A president is also likely to become well-known through a controversy, since it puts his or her name in the news on a regular basis. For example, the current president of the University of Virginia, Teresa Sullivan, is probably well-known among the institution’s alumni since she was at the center of a governance dispute last summer. When the chair of the university's governing board asked Sullivan to step down without providing a clear rationale for the decision, alumni rallied behind Sullivan.
There are several reasons why name recognition among alumni and interaction with alumni are important to a president’s success, presidents said. One of the most prominent is fund-raising, which has been taking up more and more of presidents' time in recent years.
In the American Council on Education survey of presidents, fund-raising and community relations were two of the top three uses of presidents’ time, and fund-raising topped the list for the presidents of private institutions.
While small donors might give to an institution regardless of the president, large donors – who give the bulk of the money given to higher education – like to have someone to engage with and want to be reassured that they are making a good investment. “People don’t give money to institutions exactly,” Trachtenberg said. “They give money to people.”
Because of the development of social media, alumni also have more ability to sound off on university decisions. In recent years, alumni have derailed attempts to change everything from the undergraduate curriculum to the look of mascots.
“Almost anything you do as president is going to involve a certain amount of change. And people do not inherently react real positive to change as an abstract,” Kneedler said. “They need a sense of trust, and feeling like you know the person who’s making decisions gives you that feeling of trust.”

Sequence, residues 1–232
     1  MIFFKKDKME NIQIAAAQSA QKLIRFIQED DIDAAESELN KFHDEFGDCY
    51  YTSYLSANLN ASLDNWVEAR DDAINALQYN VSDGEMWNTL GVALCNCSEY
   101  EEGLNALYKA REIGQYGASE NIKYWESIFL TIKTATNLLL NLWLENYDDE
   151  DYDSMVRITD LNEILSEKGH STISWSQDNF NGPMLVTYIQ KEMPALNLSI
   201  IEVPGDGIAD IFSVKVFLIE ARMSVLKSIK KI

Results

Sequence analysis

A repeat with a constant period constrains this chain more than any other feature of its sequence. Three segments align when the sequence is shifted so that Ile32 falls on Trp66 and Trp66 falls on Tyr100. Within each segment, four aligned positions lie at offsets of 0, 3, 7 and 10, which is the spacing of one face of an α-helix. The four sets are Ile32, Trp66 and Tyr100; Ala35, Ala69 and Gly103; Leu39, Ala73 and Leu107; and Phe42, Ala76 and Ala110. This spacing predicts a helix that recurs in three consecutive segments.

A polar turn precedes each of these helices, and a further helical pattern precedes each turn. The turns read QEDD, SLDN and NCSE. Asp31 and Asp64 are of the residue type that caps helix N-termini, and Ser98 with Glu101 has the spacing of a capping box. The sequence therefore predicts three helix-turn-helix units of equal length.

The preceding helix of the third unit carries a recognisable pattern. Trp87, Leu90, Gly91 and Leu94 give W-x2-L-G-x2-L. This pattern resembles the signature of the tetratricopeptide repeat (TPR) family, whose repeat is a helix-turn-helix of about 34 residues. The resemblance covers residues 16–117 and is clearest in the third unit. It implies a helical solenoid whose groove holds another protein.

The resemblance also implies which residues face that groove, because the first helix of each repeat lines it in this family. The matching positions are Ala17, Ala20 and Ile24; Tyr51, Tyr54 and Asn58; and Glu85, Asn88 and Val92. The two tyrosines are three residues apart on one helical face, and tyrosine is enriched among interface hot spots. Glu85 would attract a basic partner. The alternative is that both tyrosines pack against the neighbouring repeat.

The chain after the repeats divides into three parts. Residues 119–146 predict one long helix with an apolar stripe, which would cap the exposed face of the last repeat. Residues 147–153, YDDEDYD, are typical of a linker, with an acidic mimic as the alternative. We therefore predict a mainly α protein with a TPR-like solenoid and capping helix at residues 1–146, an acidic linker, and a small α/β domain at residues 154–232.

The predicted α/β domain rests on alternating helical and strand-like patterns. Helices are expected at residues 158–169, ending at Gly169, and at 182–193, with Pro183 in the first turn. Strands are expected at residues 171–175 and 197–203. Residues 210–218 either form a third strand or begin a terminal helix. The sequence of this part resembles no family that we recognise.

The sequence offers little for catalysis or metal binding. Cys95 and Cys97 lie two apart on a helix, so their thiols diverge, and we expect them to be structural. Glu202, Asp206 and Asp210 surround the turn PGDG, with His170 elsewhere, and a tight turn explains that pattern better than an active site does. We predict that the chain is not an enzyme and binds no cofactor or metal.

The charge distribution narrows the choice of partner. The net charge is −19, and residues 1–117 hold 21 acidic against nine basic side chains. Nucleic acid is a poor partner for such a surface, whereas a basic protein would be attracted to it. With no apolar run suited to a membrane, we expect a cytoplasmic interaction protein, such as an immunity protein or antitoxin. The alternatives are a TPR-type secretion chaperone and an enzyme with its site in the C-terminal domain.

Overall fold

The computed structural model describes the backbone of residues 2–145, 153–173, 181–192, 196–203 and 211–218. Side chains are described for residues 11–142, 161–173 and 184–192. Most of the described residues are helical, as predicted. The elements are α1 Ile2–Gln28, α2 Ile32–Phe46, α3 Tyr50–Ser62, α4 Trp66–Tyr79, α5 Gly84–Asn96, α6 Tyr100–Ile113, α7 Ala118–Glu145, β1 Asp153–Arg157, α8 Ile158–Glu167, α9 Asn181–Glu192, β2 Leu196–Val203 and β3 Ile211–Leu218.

Mary E. Hines, president of Carlow University since 2005, said getting to know alumni is also helpful in making the case for the institution. As prospective students and their parents become more concerned about whether it is worth it to pay high tuition prices, being able to point to successful alumni is important, she said. “I need to be able to tell a story or two about how our alums have been successful and how they attribute success to the education they got from Carlow,” she said.
As an outsider coming in to Carlow, Hines also said that in her first few years as a president, getting to know alumni helped her develop a better understanding of the institution, which helped her do her job.
David C. Hodge, president of Miami University of Ohio, echoed Hines’s sentiment. “When you talk with alumni – Miamians in our case – certain themes come through loud and clear, such as the enduring value of the university, and those themes are important to reinforcing the work we do on a daily basis.”
Hodge said making connections with alumni could potentially provide internships for Miami University students or jobs for graduates.
The presidents said that at the end of the day they care less whether people know their names than that people have some connection to the university. It's probably more important that students remember the faculty members they work closely with, what they learned in class and the connections and friendships they made while students, presidents said.
And in the case of Northwestern University -- whose location, according to the the Vanity Fair/"60 Minutes" poll, only 34 percent of people know -- it's probably important that students learn some geography, too.